A short follow-up to my “It’s Still the Economy, Stupid” piece from earlier this week: John Sides, whose post on the relationship between the economy and public trust in government I linked to, has an item today discussing the findings of political scientist James Stimson. In short, public approval of almost every aspect of government trends together, and those approval trends also closely track perceptions of the economy, as measured by consumer sentiment. Sides quotes Stimson on the implications of this finding:

So what does it mean that citizens approve or trust? It appears to mean mainly that things are going well in the country. What is important about this pattern, and unexpected, is that the approval and trust are granted to those who have had no role in producing the outcomes. We have known for some time that presidents seemed to get more credit or blame than they deserved. With the pattern now extended to those who have had no conceivable role, we need to reassess what it means to approve.

Meanwhile, journalists covering the gathering Tea Party movement have noted the role the foundering economy has played in driving discontent. Here’s The New York Times’s David Barstow discussing his lengthy profile of the movement in a Q&A with CJR:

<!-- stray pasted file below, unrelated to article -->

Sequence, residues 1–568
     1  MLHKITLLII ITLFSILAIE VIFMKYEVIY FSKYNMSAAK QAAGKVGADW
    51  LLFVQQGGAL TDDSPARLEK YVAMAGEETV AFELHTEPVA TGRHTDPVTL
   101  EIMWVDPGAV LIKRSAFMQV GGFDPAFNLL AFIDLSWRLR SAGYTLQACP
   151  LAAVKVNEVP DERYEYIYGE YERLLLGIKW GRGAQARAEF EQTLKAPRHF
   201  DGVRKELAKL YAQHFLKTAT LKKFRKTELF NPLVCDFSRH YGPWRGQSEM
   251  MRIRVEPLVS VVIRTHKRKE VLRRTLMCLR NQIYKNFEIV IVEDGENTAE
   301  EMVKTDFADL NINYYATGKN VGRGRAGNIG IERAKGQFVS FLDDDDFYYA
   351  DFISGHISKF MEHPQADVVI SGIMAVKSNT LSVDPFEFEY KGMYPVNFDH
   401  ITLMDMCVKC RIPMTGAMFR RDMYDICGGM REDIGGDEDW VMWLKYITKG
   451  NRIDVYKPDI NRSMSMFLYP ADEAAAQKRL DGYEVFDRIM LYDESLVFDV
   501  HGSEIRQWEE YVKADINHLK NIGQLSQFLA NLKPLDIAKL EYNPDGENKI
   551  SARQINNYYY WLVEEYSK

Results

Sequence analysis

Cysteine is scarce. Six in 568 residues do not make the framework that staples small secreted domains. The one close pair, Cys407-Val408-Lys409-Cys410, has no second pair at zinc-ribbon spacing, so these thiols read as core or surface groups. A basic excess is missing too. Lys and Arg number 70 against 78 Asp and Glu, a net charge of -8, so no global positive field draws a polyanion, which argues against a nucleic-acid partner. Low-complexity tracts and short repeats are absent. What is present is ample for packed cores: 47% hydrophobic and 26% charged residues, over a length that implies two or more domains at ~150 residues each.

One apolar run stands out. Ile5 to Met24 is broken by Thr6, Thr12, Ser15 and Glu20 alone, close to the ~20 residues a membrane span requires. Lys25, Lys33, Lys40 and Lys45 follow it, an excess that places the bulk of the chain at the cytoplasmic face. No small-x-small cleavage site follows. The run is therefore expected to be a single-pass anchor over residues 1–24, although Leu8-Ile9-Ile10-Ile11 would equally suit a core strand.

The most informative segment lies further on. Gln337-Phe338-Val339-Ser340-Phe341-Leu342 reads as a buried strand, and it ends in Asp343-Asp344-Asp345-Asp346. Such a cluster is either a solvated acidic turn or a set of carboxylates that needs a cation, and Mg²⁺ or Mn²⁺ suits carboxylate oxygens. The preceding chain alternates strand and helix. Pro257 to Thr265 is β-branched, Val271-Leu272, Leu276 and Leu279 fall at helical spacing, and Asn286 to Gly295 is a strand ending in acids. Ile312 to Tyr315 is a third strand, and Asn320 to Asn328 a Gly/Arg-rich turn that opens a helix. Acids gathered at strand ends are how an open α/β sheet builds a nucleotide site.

[A]t some point along the way I was struck by the number of people who had really been transformed since the recession hit. You could not miss the number of people who were drawn to this movement because of the events of the fall of ’08. That was one theme that became really clear to me—their incredible anger at the economic pain that they were witnessing in their own lives and the lives of their friends and family, and their anger and disappointment at the government’s role in both the events that led to the recession and the response, especially the bailouts.

Obviously, not everyone who’s angry about the economy has become active in the Tea Party movement. Political beliefs do matter, and not all voters viewed the bailouts through the lens of, to quote Barstow again, “impending tyranny.” But the economy seems to have been a catalyst.

None of this is especially surprising; anyone who’s ever pondered politics knows it’s more fun to be in office when times are good. Sometimes the basic facts of political life get taken for granted, though. These are more indications that journalists can’t go wrong by noting the role the economy plays in shaping politics.

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Greg Marx is an adjunct lecturer at The Medill School and a facilitator with The OpEd Project. She served as an editorial board member, columnist, library director, and No. 2 in the features department of the Chicago Sun-Times.